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I'm going to steal something I read the other day. The job of the director of photography is not to setup the camera and setup the lighting. Rather, the position is there to visually push the story. The Coen brothers obviously have the budget to hire INCREDIBLE lighting and camera technicians along with whatever equipment they want, but they obviously still work with Deakins. Do I even need to explain why?

New directors have gotten into the mindset that directors of photography are becoming less and less necessary with the advent of major post manipulation and... They have a point. Its very well known that video has killed the need for a specialist. Instead of a director needing to trust a DP on his/her technical ability due to the film being shot on celluloid, its now more about everyone crowding around a monitor. But thats where I come in. Sure, you might know what you want it to look like and maybe you know how, but I'm there to make sure it fits the rest of the project. Its my job to step back and look at how this plays with that scene we shot a day earlier where we had almost not highlights. Video has removed a lot of my power, but I still think a DP is relevant.

In the words of Oliver Stapleton, BSC:
"...in our little specialist world of Making Pictures, creativity will be the one single quality that future DoP's can continue to offer."

And its true. I'm not a technician. I know how it all works and I could be a technician, but I'm not. I'm a creative team member.

Personally, I think the bigger problem is directors (just like the rest of the film world) feel the need to immerse themselves in technical specs and camera platforms and buzzwords rather than focusing on a story. I have producers asking me what camera package we should shoot on without even giving me a script. One of my biggest horror stories is a TV pilot I ACed on in January. We had the C300, a nice set of high-end Canon glass, beautiful O'Connor sticks setup, and brand new Arri L-series lights. However, the director was managing the camera's ISO and exposure when the DP and I are standing there looking at the waveform telling him its fine. Eventually the DP gave in and I shut up, but the project ended up sucking because the performances were unguided, shots were mis-exposed, and the director was focused on things he had crew members to focus on. My plea to the film world is don't be this guy. Don't make your crew do the project for the money. Don't make your DP be a "Yes" man and don't get mad when he's debating you on a creative decision; thats our job.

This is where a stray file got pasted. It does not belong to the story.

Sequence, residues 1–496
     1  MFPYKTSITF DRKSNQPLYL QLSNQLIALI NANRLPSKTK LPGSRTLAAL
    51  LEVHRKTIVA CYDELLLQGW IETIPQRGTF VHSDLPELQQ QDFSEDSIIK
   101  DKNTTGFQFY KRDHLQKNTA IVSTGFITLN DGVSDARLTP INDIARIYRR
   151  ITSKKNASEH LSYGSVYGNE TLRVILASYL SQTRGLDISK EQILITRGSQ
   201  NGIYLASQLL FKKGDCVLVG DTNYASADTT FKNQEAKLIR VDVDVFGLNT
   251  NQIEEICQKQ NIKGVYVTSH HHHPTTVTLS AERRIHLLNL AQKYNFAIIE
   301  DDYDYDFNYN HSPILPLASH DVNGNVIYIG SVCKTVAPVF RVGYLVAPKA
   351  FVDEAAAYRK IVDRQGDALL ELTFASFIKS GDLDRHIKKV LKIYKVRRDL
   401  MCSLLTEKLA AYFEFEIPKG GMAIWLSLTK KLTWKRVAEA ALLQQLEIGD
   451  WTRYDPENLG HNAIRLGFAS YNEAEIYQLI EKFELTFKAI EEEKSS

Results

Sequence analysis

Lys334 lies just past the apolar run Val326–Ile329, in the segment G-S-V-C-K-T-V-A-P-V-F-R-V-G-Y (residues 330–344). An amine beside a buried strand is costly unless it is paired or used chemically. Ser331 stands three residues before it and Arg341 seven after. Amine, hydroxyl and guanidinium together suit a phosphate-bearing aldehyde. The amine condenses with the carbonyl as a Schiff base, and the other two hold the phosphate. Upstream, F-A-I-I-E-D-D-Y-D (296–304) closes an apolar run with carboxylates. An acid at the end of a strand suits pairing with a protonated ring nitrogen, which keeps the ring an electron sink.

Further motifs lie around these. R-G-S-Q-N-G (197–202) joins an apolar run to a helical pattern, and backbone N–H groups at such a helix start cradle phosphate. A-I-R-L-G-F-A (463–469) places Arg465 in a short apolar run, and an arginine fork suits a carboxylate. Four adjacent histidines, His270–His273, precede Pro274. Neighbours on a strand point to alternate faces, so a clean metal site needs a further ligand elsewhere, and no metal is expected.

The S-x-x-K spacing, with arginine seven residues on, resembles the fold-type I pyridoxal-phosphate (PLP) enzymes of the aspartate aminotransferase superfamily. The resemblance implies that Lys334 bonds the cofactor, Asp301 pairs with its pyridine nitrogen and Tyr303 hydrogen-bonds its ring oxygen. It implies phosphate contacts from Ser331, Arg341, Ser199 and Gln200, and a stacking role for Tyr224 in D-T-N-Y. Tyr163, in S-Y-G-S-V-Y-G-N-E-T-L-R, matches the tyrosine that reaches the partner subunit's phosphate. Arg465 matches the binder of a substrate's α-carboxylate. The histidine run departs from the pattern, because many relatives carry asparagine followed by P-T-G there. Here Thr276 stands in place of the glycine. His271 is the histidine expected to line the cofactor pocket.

September 25, 2014 at 1:28PM, Edited September 25, 1:28PM

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Aidan Gray
Director of Photography Assistant Camera | Gaffer
1479

if you feel you do not need a cinematographer or a dp, then your production and footage is not as good as it can potentially be.
If it's great without a real one, it can be even better. It can be magnificent!
if you have not worked with a great dp before, you should try assisting or something to get on a quality set and see the difference.

September 26, 2014 at 12:41AM

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Kazu Okuda
Filmmaker
1321

I believe we will always need a cinematographer in some form. You will always need a creative person to make art. Technology cannot solve for everything. You can have a computer paint a Rembrandt but you still need that artist to establish the painting to copy.

September 26, 2014 at 1:21PM, Edited September 26, 1:21PM

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Chad Fortenberry
Director of Media Content
43

3D rendered animation and actual film are (and will remain) different art forms. I see film being appreciated long after we are out of the uncanny valley of 3D modeling. Painting and drawing still soldier on in spite of 3D graphics and photoshopped composites.

Alexandru Panait

September 26, 2014 at 7:52PM

I also think we may be underestimating how far we really are from the point where 3D generated animation is completely indistinguishable from actual film.

September 26, 2014 at 8:19PM

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Alexandru Panait
Director
1

I think the question could be would we need actors anymore?
There is a popular video floating arpund in which 3 big DPs discuss 4K and they talk about how they serve as advisers for post. They also talk about Roger Deakins "DP-ing" an animation film (the Croods I think). I guess no substitute for real world experience.

September 28, 2014 at 4:26AM

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We need more stories. Stories are counting by people... :D

September 29, 2014 at 2:40AM

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Ragüel Cremades
Film producer and director
7606

Gosh! I could NEVER do without my DOPs. They bring so much more clarity to the mix and when you find one that has a style that surprises you, that changes the dynamics. I guess in this DSLR age where one guy can literally make a film with their 60Ds and 5Ds, I still think cinematography is not just getting a nicely framed shot with blurred backgrounds and amazing depth of field. It's about telling a story. Creating a painting and working with other creative minds who can give you something you probably never thought of.

January 4, 2015 at 9:40AM, Edited January 4, 9:40AM

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Persis Shanker
Writer/Producer and Director & Digital Project Manager
86